A new study shows that an international treaty has led to a decrease of some pollutants in Arctic wildlife.
It also gives scientists a better picture of how many years of data they need to reliably detect trends in these levels.
The study, called Temporal Trends in Persistent Organic Pollutants in Arctic Marine and Freshwater Biota, was published in the journal Science of the Total Environment.
Researchers focused on data from marine mammals, seabirds, marine and freshwater fish and blue mussels.
What is the Stockholm Convention?
In 2001, 152 countries signed onto the Stockholm Convention on Persistent Organic Pollutants, or POPs. The goal was to eliminate the use of these dangerous chemicals because they tend to accumulate in flora and fauna.
PCBs (polychlorinated biphenyls) and DDT are two commonly known POPs. PCBs have many industrial uses in things like electrical equipment. According to the U.S. Centre for Disease Control and Prevention, PCBs have a large range of toxic effects and can be carcinogenic or even lethal.
While many countries have their own biomonitoring programs to track POP levels in their own wildlife, the researchers in this study took all of the datasets they could get their hands on in the hopes of identifying trends.
“We need more than 10 years [of data] to have a to be able to evaluate if there’s any change,” said Robert Letcher, a senior research scientist with Environment and Climate Change Canada and one of the study’s authors.
“We compiled over a thousand — only 12 per cent of them actually have the power to say reliably that what the trend is statistically supported by is actually happening.”
There is good news — within that 12 per cent, Letcher found levels of harmful chemicals such as DDT and PCBs have reduced in Arctic wildlife.
Interestingly, the data shows a precipitous drop in these chemicals just after the Stockholm Convention was ratified, then it levelled off.
According to Letcher, that could just be due to the fact the Stockholm Convention focuses mainly on production — not use — of these chemicals.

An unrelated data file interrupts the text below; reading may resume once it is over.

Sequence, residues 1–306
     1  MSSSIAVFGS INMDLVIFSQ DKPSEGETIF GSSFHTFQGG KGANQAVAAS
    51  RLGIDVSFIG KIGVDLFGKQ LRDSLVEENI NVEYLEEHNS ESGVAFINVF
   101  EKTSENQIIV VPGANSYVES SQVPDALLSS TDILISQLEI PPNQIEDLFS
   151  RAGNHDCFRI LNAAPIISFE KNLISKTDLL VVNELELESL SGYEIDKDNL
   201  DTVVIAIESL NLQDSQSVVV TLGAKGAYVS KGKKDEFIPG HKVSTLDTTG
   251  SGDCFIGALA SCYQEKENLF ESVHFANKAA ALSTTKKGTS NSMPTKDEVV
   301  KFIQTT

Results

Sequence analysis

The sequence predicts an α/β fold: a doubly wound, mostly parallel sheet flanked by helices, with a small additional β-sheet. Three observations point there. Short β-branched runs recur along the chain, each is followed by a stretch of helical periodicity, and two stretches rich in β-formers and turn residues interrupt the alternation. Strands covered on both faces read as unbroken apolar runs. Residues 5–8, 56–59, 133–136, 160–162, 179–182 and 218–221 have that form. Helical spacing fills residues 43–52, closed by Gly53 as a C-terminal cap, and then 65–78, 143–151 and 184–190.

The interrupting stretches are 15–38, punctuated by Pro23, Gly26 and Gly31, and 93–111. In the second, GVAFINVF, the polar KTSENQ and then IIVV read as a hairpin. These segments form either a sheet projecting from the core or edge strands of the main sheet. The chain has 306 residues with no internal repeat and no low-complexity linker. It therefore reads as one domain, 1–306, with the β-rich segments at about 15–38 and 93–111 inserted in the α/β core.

“There’s lots of sources where there’s reservoirs of the chemicals,” he said.
“For example they were used heavily in electrical capacitors as cooling fluids, so there’s all sorts of depots out there […] that we largely don’t know about.”
U.S. has not ratified Stockholm Convention
Then, there’s politics. Of all the countries that have signed on to the Stockholm Convention, one significant hold-out is the United States.
Not only that, but some countries have blocked the addition of certain chemicals to the treaty, which originally addressed 12 chemicals but has grown to 28 as of last year.
For example, perfluorooctane sulfonate — which can lead to birth defects, cancer and kidney damage according to the U.S. Environmental Protection Agency — isn’t banned by the Stockholm Convention thanks to lobbying by the Chinese government.
“It would be nice if we could just do something and switch is just simply flicked,” Letcher said. “But I think every country that is genuinely signed on […] is following the regulation.”
The bottom line, according to Letcher, is there can never be enough data, and it’s going to take generations of research to determine the effects of various pollutants on Arctic wildlife.
“As long as there are pollution issues we’re going to have to keep track of things,” he said.
“It’s our responsibility to monitor and make sure that the levels aren’t increasing […¸] to levels that could do harm to not just to the Arctic and Arctic wildlife […] but humans.”
Related stories from around the North:
Norway: Polar bears greatly exposed to toxic chemicals in eastern Barents Sea, The Independent Barents Observer
Russia: Russian Navy sends clean-up team to Arctic trash dump, The Independent Barents Observer
Sweden: Swedish icebreaker reaches North Pole for climate study, The Independent Barents Observer
United States: Trump administration to drop new “critical habitat” for endangered species designation, Alaska Public Media